My hesitant verdict is that Warlord is a lot of fun. In fact, it's fun enough that I'm going to do what I always do when I want a game - go find the publishers and beg for more like a bum in a bus station, only instead of saying, 'Gimme a dollar!' I'm going to pretend I'm actually professional. Hopefully they won't read this review first.
Easy to learn
Gets you into the game after just a few minutes
Plays fast, so you can try it a few times
Really gorgeous art
Lots of tricky maneuvers, long-range planning and difficult decisions
These decks don't seem balanced at all
The luck factor is higher than I dig in a card game
If you want to see if the Warlord CCG is up your alley, you can get a Learn-to-Play set right here:
Posted by Matt Drake at 8:56 PM
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Too late, we found you ;-).
Thanks for the extensive review - after eight years of playing the game myself it's hard to get into a new player's mind.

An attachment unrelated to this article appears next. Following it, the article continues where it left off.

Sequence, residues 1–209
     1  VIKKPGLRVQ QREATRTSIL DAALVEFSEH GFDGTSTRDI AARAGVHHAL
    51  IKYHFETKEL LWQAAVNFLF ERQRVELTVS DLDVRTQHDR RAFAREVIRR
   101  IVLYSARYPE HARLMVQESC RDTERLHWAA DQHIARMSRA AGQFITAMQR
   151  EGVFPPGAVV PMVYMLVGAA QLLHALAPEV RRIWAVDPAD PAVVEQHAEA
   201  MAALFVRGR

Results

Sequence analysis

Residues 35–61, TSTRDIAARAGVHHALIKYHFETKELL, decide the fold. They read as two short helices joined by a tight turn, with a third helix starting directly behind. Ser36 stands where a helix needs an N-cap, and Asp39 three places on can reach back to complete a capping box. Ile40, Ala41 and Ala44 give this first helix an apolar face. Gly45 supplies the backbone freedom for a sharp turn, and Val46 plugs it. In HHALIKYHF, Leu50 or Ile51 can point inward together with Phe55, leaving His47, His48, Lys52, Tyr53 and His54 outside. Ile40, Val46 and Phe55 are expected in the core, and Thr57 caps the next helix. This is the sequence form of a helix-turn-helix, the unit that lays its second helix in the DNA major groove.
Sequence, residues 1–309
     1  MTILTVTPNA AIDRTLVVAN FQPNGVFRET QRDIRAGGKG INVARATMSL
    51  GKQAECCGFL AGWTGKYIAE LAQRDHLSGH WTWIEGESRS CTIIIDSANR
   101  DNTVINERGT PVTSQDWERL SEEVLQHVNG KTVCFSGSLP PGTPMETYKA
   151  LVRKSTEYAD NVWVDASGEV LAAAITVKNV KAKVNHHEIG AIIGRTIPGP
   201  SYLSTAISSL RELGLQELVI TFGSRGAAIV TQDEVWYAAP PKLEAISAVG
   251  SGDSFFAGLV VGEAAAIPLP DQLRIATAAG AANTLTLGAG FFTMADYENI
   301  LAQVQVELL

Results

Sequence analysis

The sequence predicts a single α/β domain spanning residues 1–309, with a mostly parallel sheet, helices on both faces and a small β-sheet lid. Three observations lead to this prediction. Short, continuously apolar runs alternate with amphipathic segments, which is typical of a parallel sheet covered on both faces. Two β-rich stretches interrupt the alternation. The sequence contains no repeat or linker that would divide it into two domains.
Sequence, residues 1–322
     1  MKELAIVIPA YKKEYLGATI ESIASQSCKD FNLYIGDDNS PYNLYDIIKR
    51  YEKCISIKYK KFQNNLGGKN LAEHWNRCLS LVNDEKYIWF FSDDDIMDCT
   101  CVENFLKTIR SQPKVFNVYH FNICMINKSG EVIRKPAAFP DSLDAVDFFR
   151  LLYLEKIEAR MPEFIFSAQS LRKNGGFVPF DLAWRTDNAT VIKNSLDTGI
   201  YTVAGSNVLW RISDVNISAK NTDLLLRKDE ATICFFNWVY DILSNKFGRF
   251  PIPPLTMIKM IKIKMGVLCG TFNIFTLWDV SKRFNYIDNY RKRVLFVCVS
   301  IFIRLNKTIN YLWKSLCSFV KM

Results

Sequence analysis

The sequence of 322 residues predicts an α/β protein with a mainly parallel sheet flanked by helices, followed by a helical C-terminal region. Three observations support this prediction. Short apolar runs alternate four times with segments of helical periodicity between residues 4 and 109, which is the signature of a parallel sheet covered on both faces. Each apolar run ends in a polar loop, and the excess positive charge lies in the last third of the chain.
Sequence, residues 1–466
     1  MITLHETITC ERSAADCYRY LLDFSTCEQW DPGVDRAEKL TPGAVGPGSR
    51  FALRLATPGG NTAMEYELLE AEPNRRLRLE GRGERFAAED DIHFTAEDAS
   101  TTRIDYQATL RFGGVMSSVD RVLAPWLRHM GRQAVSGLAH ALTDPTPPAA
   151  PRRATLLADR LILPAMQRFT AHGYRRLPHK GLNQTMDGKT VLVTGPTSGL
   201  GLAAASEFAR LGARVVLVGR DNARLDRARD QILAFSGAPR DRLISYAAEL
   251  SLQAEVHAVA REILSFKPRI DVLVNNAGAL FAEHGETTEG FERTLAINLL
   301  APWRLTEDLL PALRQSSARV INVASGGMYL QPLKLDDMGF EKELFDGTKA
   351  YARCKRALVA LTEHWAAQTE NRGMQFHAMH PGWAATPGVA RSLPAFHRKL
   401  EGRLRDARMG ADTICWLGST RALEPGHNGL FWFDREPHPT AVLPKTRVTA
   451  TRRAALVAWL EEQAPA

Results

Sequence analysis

As for the "imbalance" of the L2P set - did you try to switch the decks and see whether the Lizard Warrior still dominates? The trick with the Elven chick is to look for a cheap shot (i.e. a killing one) on the opposing Warlord, instead of trying to kill all the foot soldiers first.
As for the dice rolls - yes, some people feel they roll badly, but as you pointed out Warlord is a comparatively very quick game. So in a tournament (or home) environment you'd play 2 out of 3 for example. Then it's statistics and player skill, not so much luck (at least not that much more than in any other game). On the plus side a few good rolls will get you back into a game much more easily than in other CCGs (Customizable Card Games - Warlord doesn't have boosters anymore).